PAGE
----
The 20 Pakistani players who tested negative in the retests conducted by the Pakistan Cricket Board have already touched down on English soil for their upcoming series against England. The Greenshirts are scheduled to feature in a three-match Test series against the hosts followed by as many T20Is in the early August to early September window.
The selection committee had originally selected a 29-man squad for both the Test as well as the T20I series. However, on Tuesday, PCB confirmed that 10 players and 1 member of the support personnel, from the original 35 people set to travel, had tested positive. Replacements and reserves were slotted into the squad and all players and members of the support personnel were tested again.
Despite further tinkering with the squads, PCB overlooked some prominent names that many fans in Pakistan felt should have been considered for the three T20Is. Amongst these are some rank rookies as well as some experienced caps who have been around the Pakistan cricket circuit for an eternity.
In this article, we reflect upon four of these players who could have gotten the much-awaited call-up to the national side.
#1. Kamran Akmal
Kamran Akmal has had a career that has been embellished with promising performances at one moment and severely marred and tarnished with amateurish controversies and rumours at another. The same career that was dying a slow, anguished death, however, has been revitalized since the inaugural edition of the Pakistan Super League and has breathed new life into the batting prospects available to him.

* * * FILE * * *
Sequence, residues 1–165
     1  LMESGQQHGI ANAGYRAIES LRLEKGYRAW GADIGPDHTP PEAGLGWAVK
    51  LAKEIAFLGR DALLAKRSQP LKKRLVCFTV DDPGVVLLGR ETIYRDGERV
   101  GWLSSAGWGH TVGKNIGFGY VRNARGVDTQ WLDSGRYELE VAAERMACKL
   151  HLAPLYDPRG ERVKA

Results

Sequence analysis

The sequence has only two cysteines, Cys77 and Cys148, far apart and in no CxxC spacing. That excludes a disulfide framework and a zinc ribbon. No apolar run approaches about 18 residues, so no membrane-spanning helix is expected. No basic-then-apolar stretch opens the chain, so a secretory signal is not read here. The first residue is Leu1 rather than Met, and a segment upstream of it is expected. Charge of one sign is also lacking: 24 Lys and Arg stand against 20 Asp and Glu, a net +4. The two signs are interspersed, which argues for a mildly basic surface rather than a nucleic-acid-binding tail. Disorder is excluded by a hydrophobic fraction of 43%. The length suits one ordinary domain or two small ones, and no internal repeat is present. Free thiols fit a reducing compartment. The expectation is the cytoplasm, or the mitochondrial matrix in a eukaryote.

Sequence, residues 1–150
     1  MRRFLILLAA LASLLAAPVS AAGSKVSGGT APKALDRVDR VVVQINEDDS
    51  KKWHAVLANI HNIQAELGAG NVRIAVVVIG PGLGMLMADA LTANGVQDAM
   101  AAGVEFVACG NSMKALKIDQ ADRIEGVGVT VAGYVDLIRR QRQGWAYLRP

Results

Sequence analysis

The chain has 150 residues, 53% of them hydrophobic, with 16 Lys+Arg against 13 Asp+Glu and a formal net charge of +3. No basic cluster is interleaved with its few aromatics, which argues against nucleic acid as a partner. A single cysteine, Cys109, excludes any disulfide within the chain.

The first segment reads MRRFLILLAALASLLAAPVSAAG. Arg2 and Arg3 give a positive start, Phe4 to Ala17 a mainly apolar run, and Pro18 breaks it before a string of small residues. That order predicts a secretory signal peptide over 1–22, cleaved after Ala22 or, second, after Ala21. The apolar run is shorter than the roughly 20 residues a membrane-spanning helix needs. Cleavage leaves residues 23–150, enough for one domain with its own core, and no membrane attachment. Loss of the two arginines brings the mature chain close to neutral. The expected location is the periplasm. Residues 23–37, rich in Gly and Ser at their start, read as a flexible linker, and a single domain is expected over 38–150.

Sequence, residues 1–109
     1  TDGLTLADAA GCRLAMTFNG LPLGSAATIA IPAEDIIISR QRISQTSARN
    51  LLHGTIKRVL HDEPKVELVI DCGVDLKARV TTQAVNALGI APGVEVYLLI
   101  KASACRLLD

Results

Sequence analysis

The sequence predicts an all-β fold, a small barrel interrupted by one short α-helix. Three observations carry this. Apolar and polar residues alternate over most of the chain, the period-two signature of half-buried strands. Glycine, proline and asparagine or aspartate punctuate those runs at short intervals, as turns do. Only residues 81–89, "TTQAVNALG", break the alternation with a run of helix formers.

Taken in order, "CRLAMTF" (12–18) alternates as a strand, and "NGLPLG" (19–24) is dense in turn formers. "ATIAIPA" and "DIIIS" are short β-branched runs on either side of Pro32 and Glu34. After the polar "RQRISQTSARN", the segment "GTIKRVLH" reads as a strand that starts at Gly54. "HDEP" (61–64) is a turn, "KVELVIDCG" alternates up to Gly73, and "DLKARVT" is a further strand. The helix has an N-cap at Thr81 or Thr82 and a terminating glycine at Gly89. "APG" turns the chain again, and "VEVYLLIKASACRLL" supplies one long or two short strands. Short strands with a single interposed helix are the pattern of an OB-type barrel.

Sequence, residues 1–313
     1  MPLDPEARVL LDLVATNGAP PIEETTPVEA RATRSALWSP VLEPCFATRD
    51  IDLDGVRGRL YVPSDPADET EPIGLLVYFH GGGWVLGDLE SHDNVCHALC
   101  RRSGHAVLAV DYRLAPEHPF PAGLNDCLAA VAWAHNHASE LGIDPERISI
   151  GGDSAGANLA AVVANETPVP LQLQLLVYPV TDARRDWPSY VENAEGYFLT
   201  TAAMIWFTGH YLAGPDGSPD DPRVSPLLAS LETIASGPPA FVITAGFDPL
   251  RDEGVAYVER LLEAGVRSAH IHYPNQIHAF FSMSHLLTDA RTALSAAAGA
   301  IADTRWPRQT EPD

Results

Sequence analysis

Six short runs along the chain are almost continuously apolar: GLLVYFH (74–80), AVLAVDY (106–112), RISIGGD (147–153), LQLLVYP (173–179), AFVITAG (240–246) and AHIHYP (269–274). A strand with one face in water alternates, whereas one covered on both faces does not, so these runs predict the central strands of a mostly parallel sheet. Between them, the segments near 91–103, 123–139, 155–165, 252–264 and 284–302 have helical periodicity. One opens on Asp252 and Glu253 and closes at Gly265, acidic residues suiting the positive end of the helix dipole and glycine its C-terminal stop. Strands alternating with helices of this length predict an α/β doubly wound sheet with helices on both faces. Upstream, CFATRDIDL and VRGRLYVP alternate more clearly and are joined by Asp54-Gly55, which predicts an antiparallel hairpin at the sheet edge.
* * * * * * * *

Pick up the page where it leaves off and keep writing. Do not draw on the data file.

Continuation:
Akmal has been nothing short of a giant in the PSL, dominating the batting charts in nearly all editions. In the 5 years of the league, Akmal has remained the highest run-getter in PSL, amassing 1537 runs from 57 games, and striking at a staggering rate of just under 140. He also has three scintillating tons to his name - the most by any batsman in the league's history.
With Pakistan's opening woes in T20Is given Fakhar's not-so-good returns, Akmal would have been an ideal choice, especially on decks that offer true bounce and extra zip. He could also have replaced Mohammad Rizwan, the current wicket-keeper batsman whose batting style and strokeplay does not suit T20 requirements, as many fans and experts opine.
#2. Umer Khan
Umer Khan's story is almost tailor-made for PSL and for Pakistan cricket. The first time he managed to come into the limelight was back in 2014 during the Pepsi Cricket Stars Under-19 programme. After hopping around the inter-regional teams, Umer managed to make it into Pakistan's team for the ACC Under-19s Asia Cup to be held in Sri Lanka.
In the 2019 edition of the PSL, he was picked as the 21st player in the squad, someone who is highly likely to remain benched throughout the tournament unless exceptional circumstances dictated so.
Exceptions indeed did rise as he got his debut cap following some injury concerns that engulfed the Kings' camp. In only his 2nd match, Umer went on to pluck out one of the most prized scalps in all T20 cricket - the wicket of South African legend, AB de Villiers.
It's his immaculate guile with which he bowls that assists him in snaring even the best in the business. Umer is a tough cookie and does not bog down to pressure in crunch situations.